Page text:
In cases where BPG is refused, oral penicillin V (phenoxymethylpenicillin) may be prescribed, although this is associated with a higher risk of ARF recurrence. Although the lower effectiveness of oral administration may be partly attributable to greater difficulty in adhering to such a regimen compared with a 4-weekly supervised injection regimen, the half-life of oral penicillin V is only around 1 h, so even full adherence to a twice-daily oral penicillin V regimen has been considered to be inferior to intramuscular BPG in preventing recurrent ARF.
Although the standard secondary prophylaxis BPG regimen comprises administration every 4 weeks (28 days), serum penicillin levels may be low or undetectable much earlier than 28 days, often within 14 days, following a standard BPG dose of 1.2 million units (900 mg). Indeed, fewer streptococcal infections and ARF recurrences have been reported among individuals receiving 3-weekly BPG compared with a 4-weekly regimen. Moreover, the 3-weekly regimen resulted in greater resolution of mitral regurgitation in a long-term randomized study in Taiwan (66% vs. 46%).
As noted earlier, prospective data from New Zealand, and other analyses from Australia, show that recurrences are extremely rare among people who are fully adherent to a 4-weekly BPG regimen. 3-weekly as opposed to four-weekly penicillin has important workforce implications. It is likely that with a four-weekly regimen, any streptococcal infection acquired after serum penicillin concentrations have dropped below the protective level would be treated early by the next administered BPG dose. Historical work suggested that treating GAS infection within 9 days was likely to reduce most ARF episodes, but these data derive from a small cohort, and are somewhat immunologically implausible, especially in highly immunologically primed hosts in whom the abnormal immune response causing ARF would likely be triggered early after onset of symptomatic disease. Nevertheless, despite the pharmacokinetic data and uncertainty about the “grace period” in which to treat GAS to avoid ARF, 4-weekly regimens work very effectively, even in environments where GAS transmission is very high.
A pharmacokinetic study in Aboriginal children and adolescents in Australia has recently been undertaken to better understand serum concentrations after intramuscular dosing in children of a variety of ages and weights. Serum concentration of penicillin was tested using liquid chromatography–mass spectroscopy assay on dried blood spots. Counterintuitively, the study found that blood concentrations of penicillin remained above the minimum inhibitory concentration (protective level) for only 9.8 days on average in normal weight children (body mass index <25 kg/m 2 ) after administration of a BPG dose intended to provide protection for 4 weeks. The authors concluded that more knowledge is therefore needed to reconcile this finding with the observed protectiveness conferred by 4-weeks dosing regimens of BPG.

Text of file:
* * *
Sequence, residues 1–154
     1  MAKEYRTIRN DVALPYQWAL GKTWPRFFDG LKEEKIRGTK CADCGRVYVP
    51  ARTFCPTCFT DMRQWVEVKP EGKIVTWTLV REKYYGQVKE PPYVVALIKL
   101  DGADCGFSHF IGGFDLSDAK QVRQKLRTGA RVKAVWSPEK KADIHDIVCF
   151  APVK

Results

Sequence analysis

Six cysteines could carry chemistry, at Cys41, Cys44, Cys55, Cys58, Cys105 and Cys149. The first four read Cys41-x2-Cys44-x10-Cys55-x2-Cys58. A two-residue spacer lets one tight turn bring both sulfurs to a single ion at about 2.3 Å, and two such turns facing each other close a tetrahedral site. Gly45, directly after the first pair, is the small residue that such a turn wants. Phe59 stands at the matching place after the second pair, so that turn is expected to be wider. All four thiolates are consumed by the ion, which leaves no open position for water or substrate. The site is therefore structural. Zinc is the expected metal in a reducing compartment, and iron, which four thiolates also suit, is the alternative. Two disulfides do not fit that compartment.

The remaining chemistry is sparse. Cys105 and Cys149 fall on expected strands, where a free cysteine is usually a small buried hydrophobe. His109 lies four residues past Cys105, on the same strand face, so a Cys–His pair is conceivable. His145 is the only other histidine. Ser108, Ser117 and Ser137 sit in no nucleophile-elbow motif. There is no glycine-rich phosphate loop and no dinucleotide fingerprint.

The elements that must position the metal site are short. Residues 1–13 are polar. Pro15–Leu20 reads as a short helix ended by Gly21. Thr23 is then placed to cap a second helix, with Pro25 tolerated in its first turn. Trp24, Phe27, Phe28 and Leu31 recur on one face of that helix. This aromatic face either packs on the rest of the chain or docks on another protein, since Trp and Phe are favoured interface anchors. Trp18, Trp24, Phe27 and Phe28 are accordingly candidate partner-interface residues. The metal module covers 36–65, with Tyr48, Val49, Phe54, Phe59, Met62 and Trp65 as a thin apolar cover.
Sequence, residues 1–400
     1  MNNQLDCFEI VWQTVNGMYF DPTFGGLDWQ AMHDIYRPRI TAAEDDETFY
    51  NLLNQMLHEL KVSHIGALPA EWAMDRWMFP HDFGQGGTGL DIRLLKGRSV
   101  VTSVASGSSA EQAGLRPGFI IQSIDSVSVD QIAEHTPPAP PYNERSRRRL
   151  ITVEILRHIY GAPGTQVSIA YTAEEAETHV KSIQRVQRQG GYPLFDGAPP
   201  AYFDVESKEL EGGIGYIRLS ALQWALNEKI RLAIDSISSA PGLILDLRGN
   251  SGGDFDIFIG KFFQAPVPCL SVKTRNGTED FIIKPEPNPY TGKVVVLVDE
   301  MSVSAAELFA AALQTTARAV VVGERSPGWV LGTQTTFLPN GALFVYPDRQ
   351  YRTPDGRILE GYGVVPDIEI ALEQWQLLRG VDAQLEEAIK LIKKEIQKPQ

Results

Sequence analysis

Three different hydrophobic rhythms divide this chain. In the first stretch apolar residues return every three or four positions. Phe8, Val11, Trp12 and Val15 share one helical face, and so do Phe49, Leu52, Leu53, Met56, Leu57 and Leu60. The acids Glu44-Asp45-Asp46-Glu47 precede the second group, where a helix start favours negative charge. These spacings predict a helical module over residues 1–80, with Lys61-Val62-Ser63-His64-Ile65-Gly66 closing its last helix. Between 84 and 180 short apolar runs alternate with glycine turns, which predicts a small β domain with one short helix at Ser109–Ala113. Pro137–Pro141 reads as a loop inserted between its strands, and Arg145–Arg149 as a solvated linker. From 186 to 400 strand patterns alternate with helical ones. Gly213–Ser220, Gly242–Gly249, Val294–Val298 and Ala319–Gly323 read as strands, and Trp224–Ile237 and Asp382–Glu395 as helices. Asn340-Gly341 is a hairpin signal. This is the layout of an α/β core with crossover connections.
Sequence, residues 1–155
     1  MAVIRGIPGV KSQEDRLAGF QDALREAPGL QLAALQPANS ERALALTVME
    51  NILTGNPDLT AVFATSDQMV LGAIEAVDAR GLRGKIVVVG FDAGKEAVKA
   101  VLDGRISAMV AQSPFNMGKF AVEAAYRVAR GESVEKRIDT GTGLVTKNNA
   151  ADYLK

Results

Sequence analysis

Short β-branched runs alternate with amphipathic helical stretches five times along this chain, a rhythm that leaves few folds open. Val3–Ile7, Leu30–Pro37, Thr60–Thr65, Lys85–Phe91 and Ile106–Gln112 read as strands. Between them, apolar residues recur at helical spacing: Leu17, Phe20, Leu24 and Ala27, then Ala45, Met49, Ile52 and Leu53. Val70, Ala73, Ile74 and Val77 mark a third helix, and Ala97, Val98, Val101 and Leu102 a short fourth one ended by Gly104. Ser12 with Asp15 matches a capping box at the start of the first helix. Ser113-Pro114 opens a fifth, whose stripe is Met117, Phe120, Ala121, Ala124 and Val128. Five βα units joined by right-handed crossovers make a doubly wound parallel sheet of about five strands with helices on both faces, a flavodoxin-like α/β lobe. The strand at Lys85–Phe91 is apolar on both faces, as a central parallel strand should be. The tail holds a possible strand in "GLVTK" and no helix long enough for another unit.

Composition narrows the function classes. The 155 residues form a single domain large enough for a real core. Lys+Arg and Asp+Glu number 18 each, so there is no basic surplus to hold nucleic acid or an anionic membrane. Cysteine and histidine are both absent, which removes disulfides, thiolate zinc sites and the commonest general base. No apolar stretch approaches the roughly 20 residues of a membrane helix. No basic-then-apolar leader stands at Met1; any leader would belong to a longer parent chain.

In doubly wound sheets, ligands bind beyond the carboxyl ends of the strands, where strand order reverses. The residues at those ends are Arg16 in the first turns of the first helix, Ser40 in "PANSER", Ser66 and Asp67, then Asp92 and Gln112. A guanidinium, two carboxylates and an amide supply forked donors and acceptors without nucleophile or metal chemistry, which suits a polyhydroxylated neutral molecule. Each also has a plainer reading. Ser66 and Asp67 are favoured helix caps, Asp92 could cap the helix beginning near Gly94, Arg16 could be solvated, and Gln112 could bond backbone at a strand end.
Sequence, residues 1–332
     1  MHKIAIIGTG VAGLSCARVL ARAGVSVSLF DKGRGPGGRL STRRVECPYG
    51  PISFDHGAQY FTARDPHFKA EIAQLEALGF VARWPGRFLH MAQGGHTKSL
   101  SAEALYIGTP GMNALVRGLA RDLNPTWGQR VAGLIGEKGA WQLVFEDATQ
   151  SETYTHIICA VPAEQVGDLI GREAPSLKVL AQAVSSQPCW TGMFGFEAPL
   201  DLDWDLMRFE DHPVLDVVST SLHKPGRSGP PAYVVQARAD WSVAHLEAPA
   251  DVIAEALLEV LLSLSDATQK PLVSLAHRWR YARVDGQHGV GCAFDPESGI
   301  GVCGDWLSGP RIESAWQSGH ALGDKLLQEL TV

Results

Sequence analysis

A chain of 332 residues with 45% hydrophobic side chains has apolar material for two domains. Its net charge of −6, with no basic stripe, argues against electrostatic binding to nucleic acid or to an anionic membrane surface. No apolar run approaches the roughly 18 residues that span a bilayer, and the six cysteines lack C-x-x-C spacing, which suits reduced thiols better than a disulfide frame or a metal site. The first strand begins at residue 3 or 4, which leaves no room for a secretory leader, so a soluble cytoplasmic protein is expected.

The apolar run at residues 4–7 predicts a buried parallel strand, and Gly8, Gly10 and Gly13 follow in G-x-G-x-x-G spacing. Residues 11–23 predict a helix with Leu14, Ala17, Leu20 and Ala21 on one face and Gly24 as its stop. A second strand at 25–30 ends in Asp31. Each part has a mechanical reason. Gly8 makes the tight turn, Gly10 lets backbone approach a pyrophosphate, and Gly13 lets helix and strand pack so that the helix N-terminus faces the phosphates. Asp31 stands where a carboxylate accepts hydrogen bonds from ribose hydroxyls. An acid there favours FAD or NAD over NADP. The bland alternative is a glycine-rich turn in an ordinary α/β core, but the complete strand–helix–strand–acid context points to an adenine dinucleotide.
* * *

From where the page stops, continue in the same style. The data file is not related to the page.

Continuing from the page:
Penicillin reformulation, for instance as an implant or long-acting depot that could provide slow release of penicillin over months, has been under investigation in recent years. Despite technical challenges, there is optimism that reformulated penicillin may be a reality in the coming years, which would dramatically improve the ability to deliver effective secondary prophylaxis for ARF.
BPG is an off-patent, generally inexpensive antibiotic. Stock-outs occur repeatedly in both low- and high-income settings, posing major challenges to ARF prevention. As recently noted, attention to the supply, manufacture, and accessibility of BPG has declined as its use in high-income settings has become supplanted by newer, broader-spectrum antibiotics. Attention must be given to BPG availability and quality in low-resource settings. Although BPG is included in the World Health Organization’s Essential Medicines List, practitioners in many countries lack access. In 2011, a survey of healthcare providers who manage patients with ARF or RHD was undertaken by the World Heart Federation in African countries, the Asia–Pacific region, and Central and South America. Responses indicated that many settings had minimal or no access to BPG. Supply of the preferred formulation of BPG (premixed liquid formulation) has been precarious in many settings, with stock-outs documented in Australia in 2001, 2004, and 2006. The problem is far more pronounced in low-income settings.
Penicillin Adverse Reactions
BPG should not be given to patients with a documented allergy to penicillins or cephalosporins. Extreme caution should be exercised in giving BPG to patients with decompensated heart failure, as this can lead to collapse and death, mimicking an “anaphylactic reaction” (discussed later and also chapter 10 ).
Global experience with long-acting penicillin administration is extensive. As well as being administered for ARF and RHD prophylaxis, BPG is used for treatment of streptococcal infections, syphilis, and yaws. Anaphylaxis to BPG is rare. This section provides reported rates of adverse reactions, and concerns about increased risk for adverse reactions in low-resource settings; the following section details the diagnosis and clinical management of anaphylaxis.